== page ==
The Starting Strength book (and video) shows people with their backs inclined forward somewhat- to me it looks like they are typically 30-45 degrees off upright. In fact, the book says at one point 'Quite often, the mental image of a squat involves a vertical torso, a position that kills posterior chain involvement. The correct amount of trunk inclination is necessary in order that correct mechanics can be expressed... don't be afraid to lean over, stick your butt back and shove your knees out'.

    Both this chart and SS do say that the bar should be vertically parallel with the middle of the feet, though.

    I was originally doing them with an upright back and I found that (a) it was hard, and (b) it was all in the thighs. Once I allowed my back to come incline forward a bit, I found I could do them mainly by pushing my hips forward (automatically straightening the legs), which felt better and much stronger.

    Who is wrong? Or do I just not understand (again).
     
  10. Tosa Red Belt

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    Read the article. It is specifically talking about the use of back squats as assistance for the front squat and recovery in the clean.

    It's the author's opinion (and it's by Tommy Kono, who knows a thing or two, after all, there's knee bands named after him) that a more upright back squat is better assistance for recovery in the clean because it's technically more similar, in that they're both more upright. This opinion is shared by many, although Rippetoe disagrees...you'll find all kinds of people with difference preferences for high bar squat, low bar squat, whatever. If you're an Olympic lifter you'll use the variation that has the most carryover to the olympic lifts, if you're a powerlifter you'll use the variation that allows the most weight to be lifted. If you're training for other reasons you'll use the variation that's best suited to reaching your goals.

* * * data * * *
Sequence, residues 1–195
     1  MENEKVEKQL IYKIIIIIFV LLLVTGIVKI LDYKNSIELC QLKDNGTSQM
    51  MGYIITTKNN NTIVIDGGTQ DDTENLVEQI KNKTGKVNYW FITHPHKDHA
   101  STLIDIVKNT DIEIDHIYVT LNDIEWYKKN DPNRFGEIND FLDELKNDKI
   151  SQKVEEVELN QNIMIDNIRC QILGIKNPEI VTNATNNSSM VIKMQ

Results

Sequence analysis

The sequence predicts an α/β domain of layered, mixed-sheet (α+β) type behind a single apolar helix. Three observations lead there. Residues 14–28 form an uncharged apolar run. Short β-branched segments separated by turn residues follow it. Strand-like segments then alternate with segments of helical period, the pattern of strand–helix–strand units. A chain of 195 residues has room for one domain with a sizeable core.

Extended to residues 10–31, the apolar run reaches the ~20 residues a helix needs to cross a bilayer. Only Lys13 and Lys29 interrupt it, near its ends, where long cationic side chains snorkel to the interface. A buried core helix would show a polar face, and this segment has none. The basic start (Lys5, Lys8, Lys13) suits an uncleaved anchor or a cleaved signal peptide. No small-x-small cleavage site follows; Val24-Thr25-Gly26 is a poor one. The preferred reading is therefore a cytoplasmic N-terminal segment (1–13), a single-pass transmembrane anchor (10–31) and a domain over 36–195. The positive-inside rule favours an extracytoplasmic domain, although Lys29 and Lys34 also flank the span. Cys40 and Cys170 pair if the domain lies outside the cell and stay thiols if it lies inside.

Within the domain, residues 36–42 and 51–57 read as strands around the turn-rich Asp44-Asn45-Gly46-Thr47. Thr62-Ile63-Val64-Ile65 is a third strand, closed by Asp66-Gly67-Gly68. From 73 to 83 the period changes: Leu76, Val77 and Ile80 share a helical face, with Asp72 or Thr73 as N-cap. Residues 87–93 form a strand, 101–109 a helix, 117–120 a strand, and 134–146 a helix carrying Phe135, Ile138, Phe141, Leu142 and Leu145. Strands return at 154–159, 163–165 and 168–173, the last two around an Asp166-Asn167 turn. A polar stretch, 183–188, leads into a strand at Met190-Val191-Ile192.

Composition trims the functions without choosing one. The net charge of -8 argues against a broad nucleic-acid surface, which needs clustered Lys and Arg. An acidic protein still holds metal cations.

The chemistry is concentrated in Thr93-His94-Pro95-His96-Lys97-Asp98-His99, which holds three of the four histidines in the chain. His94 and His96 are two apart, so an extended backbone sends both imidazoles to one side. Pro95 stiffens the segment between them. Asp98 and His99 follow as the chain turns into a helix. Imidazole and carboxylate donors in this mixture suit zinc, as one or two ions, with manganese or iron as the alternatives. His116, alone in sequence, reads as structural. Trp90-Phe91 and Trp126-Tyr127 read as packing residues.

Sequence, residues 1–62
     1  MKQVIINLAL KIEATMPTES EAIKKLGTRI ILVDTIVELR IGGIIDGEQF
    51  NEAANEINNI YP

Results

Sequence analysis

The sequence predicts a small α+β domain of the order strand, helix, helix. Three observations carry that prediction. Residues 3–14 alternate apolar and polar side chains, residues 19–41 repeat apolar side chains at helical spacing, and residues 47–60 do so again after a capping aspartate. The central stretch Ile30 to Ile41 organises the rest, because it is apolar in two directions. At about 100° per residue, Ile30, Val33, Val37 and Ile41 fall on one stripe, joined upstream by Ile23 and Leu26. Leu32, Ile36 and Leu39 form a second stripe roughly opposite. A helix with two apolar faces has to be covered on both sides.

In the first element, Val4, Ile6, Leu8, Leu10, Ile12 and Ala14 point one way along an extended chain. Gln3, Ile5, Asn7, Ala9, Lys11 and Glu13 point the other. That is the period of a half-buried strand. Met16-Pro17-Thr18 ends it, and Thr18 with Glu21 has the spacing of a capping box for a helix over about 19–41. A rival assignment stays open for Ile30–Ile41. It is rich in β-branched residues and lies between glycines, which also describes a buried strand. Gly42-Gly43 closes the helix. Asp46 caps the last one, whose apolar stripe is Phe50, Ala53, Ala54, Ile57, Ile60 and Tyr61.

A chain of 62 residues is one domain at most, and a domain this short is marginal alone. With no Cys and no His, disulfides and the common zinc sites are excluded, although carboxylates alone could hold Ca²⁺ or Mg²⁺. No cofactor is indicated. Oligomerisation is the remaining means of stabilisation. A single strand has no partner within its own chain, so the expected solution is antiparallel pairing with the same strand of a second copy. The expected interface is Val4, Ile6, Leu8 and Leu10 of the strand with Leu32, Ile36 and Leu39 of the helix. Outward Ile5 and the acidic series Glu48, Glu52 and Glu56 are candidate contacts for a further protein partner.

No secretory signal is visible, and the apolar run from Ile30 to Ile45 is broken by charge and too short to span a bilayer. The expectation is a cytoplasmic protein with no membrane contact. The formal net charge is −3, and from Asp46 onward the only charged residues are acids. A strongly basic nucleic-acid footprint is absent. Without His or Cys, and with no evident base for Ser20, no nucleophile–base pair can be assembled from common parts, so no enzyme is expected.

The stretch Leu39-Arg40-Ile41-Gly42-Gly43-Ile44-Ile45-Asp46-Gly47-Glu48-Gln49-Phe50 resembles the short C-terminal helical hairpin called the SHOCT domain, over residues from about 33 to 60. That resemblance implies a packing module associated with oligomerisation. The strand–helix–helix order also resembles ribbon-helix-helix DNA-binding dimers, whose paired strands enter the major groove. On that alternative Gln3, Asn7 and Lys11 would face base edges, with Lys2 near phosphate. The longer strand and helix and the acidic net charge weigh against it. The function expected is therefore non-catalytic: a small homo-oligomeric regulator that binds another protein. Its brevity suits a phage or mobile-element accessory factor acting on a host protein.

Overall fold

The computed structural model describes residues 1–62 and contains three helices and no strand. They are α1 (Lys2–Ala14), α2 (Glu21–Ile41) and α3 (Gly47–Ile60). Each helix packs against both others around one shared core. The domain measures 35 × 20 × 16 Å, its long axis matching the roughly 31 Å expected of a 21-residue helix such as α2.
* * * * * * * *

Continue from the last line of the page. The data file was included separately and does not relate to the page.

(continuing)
That being said, when talking to some of the best squatters I know (guys squatting over 3x Bw) not just training the low bar squat, but also different variations like high bar or front squats is something they considered important.

    Another thing to keep in mind is that they're just pictures used to illustrate a point. Depedning upon technique, and individual leverages, one high bar squat could look different than another, and the same goes for any other kind of squat.

    [​IMG]
     
  11. grrthetree Green Belt

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    It's my understanding that it's important to minimize forward knee drift? Those pictures show a good deal of it.
     
  12. zhangmaster12 Blue Belt

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    The knee drift is basically only in the bottom/sitting position. Once they start the drive up, tibia goes back to perpendicular
     
  13. JauntyAngle International man of mystery

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    Ah... yes:

    Figure
     
  14. Tosa Red Belt

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    Variety. And because it still allows for more weight to be used.
     
  15. Justice 4 All Brown Belt

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    I meant that I had misread the OP, and had replied without reason.
     
  16. pliftkl Green Belt

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    Under those circumstances, just go ahead and front squat. You'll be back squatting again before you know it, and the work with the front squat will make you stronger.

    From your original post - I'd comment here that learning the front squat will not teach you correct technique for the back squat. They are different exercises. You should front squat because they are a good alternative to back squats in your situation, not because you hope that the front squatting will make you a better back squatter.
     
  17. PWR1982 Green Belt

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    Why not just get a pair of sawhorses?
     
  18. Ghost Ape Yellow Belt

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    Whether you are front squatting, high bar squatting, low bar squatting or overhead squatting, it's important to learn to sit "between the legs" as Dan John explains in this video:

    The Video FitCast- Episode 6
    (50 minutes long but worth it)

    Front squats have the advantage of self correcting form because if you aren't upright then the bar isn't going to stay in place. And you can't get out of the hole properly if you aren't sitting between your legs.